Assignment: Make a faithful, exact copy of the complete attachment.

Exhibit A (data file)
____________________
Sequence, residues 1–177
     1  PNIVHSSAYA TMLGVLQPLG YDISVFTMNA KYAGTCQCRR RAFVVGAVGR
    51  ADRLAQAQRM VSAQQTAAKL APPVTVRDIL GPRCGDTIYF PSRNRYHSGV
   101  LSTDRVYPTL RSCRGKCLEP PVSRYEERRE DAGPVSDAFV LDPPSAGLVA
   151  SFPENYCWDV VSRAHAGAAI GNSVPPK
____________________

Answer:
Sequence, residues 1–177
     1  PNIVHSSAYA TMLGVLQPLG YDISVFTMNA KYAGTCQCRR RAFVVGAVGR
    51  ADRLAQAQRM VSAQQTAAKL APPVTVRDIL GPRCGDTIYF PSRNRYHSGV
   101  LSTDRVYPTL RSCRGKCLEP PVSRYEERRE DAGPVSDAFV LDPPSAGLVA
   151  SFPENYCWDV VSRAHAGAAI GNSVPPK